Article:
How Matt Keogh voted compared to someone who believes that the federal government should introduce legislation that increases the powers and influence of trade unions in workplace relations

Division Matt Keogh Supporters vote Division outcome

21st Oct 2019, 5:21 PM – Representatives Customs Amendment (Growing Australian Export Opportunities Across the Asia-Pacific) Bill 2019 and another - Second Reading - Protect Australian industry

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The majority voted against an amendment introduced by Brand MP Madeleine King (Labor), which means it failed. The amendment would have amended the usual second reading motion "that the bill be read for a second time" (in other words, that the majority agree with the main idea of the bill).

Amendment text

That all words after "That" be omitted with a view to substituting the following words:

"whilst not declining to give the bill a second reading, the House:

(1) notes with concern potential temporary foreign labour arrangements concerning Contractual Service Suppliers;

(2) notes the importance of ensuring robust public interest safeguards, including on health and environmental law, relating to the new, modernised investor-state dispute settlement provisions;

(3) commends the outstanding work by civil society, the wider labour movement and the trade union movement in campaigning against antiquated investor-state dispute settlement provisions, for better, fairer free trade agreements;

(4) calls on the government to implement the recommendation made by the Joint Standing Committee on Treaties, to ensure that future proposed free trade agreements are accompanied by independent modelling and analysis;

(5) notes with concern the growth in worker exploitation under current temporary work visa arrangements; and

(6) calls on the Government to rigorously enforce anti-dumping measures to ensure Australian industry is not subject to anti-competitive and predatory trade practices".

Yes Yes Not passed by a small majority

18th Oct 2016, 6:07 PM – Representatives Building and Construction Industry (Improving Productivity) Bill 2013 and one other - Third Reading - Pass the bill

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The majority voted in favour of passing the bills in the House of Representatives. In parliamentary jargon, they voted to read the bills for a third time.

The bills will now be sent to the Senate for their consideration.

What are these bills about?

These bills were first introduced into Parliament back in 2013, and again in 2016. In a nut shell, their purpose is to re-establish the Australian Building and Construction Commission (ABCC).

According to the bills digest:

The purpose of the Building and Construction Industry (Improving Productivity) Bill 2013 (the Bill) is to re‑institute a separate workplace relations framework for the building industry based largely on the Building and Construction Industry Improvement Act 2005 (the BCII Act). Among other things the Bill re-establishes the Australian Building and Construction Commission (ABCC), reintroduces provisions dealing with unlawful industrial action, coercion and the associated civil penalties specific to the building industry, and broadens the application of those provisions to include transporting and supplying of goods to be used in building work.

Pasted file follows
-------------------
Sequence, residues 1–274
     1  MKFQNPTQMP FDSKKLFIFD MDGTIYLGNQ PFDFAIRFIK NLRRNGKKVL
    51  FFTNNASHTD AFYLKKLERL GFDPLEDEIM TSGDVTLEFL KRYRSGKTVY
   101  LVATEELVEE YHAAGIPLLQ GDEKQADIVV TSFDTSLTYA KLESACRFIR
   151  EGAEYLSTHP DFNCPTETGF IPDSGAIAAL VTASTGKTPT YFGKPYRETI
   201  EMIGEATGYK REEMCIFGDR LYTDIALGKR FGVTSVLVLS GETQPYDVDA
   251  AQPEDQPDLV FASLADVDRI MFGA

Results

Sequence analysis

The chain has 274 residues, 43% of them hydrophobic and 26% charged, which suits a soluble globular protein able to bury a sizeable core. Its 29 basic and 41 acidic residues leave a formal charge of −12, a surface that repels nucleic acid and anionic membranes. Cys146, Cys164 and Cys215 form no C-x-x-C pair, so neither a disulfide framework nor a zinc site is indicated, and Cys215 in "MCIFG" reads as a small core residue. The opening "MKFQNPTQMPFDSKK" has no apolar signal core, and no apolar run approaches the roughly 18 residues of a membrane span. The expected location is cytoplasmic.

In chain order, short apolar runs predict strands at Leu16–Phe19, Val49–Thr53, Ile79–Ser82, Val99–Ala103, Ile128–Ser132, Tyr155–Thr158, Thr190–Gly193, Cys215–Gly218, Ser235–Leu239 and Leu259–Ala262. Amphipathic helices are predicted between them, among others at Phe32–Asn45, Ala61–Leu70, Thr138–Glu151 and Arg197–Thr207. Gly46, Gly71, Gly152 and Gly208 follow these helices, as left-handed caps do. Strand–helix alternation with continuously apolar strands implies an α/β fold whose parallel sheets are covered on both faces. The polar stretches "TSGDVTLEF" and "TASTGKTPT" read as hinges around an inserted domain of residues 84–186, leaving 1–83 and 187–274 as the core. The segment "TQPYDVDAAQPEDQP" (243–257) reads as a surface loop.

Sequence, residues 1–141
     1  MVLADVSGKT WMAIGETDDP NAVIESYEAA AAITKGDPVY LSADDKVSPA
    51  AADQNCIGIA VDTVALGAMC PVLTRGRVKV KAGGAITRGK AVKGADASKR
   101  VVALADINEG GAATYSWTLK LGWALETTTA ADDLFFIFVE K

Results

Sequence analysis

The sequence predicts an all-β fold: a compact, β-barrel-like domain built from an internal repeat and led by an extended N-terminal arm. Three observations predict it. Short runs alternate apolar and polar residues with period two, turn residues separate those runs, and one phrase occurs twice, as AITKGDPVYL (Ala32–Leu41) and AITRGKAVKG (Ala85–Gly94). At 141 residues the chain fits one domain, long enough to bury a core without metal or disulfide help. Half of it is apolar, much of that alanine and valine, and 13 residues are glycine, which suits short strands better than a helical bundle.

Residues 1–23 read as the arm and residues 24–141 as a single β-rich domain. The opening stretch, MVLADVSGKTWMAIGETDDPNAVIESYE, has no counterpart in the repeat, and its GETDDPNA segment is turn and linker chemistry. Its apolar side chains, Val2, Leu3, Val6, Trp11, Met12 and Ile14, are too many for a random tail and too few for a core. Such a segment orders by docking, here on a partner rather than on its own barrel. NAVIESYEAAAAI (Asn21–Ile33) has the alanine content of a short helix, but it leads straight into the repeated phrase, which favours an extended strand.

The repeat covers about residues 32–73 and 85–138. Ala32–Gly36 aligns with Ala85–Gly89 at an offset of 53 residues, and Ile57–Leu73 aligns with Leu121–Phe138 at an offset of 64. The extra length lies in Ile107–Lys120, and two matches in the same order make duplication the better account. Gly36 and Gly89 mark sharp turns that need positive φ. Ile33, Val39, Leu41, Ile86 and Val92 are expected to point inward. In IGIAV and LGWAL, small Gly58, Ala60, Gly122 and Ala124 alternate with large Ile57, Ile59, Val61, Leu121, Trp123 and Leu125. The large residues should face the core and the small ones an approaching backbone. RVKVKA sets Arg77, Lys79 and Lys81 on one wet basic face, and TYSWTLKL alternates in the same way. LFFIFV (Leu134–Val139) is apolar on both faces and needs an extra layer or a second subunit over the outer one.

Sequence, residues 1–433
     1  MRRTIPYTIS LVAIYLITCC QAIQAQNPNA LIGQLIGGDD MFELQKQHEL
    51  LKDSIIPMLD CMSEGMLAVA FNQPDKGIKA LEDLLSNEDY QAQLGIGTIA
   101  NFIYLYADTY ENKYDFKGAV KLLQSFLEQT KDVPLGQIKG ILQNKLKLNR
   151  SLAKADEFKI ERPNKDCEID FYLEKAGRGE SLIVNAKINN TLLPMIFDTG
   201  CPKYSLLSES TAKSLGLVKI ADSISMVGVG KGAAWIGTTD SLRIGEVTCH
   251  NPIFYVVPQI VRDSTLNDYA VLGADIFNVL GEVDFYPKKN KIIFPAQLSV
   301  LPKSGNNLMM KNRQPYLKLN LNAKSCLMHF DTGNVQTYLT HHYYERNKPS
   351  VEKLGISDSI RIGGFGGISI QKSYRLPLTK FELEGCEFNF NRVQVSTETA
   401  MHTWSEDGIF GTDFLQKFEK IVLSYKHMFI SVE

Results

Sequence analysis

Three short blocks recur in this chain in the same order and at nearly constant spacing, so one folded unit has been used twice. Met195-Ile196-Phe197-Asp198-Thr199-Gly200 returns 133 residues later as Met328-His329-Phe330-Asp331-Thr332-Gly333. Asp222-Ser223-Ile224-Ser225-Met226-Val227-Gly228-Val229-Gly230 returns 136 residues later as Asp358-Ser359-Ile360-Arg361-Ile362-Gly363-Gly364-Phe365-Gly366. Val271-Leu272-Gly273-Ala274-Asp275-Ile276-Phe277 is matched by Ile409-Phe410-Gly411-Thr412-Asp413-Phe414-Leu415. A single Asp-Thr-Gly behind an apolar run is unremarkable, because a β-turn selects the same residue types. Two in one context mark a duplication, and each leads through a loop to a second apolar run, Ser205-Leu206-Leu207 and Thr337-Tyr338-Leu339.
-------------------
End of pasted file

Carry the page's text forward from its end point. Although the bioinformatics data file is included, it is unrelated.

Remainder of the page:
No No Passed by a small majority

How "voted very strongly for" is worked out

The MP's votes count towards a weighted average where the most important votes get 50 points, less important votes get 10 points, and less important votes for which the MP was absent get 2 points. In important votes the MP gets awarded the full 50 points for voting the same as the policy, 0 points for voting against the policy, and 25 points for not voting. In less important votes, the MP gets 10 points for voting with the policy, 0 points for voting against, and 1 (out of 2) if absent.

Then, the number gets converted to a simple english language phrase based on the range of values it's within.

No of votes Points Out of
Most important votes (50 points)      
MP voted with policy 0 0 0
MP voted against policy 0 0 0
MP absent 0 0 0
Less important votes (10 points)      
MP voted with policy 2 20 20
MP voted against policy 0 0 0
Less important absentees (2 points)      
MP absent* 0 0 0
Total: 20 20

*Pressure of other work means MPs or Senators are not always available to vote – it does not always indicate they have abstained. Therefore, being absent on a less important vote makes a disproportionatly small difference.

Agreement score = MP's points / total points = 20 / 20 = 100%.

And then